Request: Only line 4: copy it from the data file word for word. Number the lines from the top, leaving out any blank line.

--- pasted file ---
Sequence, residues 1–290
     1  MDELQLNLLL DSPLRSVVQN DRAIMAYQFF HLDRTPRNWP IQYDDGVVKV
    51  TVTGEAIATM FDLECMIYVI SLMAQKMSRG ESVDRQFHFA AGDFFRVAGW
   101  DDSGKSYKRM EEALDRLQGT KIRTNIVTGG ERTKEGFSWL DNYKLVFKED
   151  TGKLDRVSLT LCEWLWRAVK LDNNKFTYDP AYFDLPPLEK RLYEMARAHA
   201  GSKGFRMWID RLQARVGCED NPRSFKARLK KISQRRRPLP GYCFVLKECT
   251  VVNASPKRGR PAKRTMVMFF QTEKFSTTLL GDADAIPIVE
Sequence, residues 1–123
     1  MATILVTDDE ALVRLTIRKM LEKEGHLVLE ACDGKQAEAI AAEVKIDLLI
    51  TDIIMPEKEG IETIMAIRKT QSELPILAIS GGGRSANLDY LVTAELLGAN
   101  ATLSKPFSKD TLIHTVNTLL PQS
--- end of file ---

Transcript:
   101  DDSGKSYKRM EEALDRLQGT KIRTNIVTGG ERTKEGFSWL DNYKLVFKED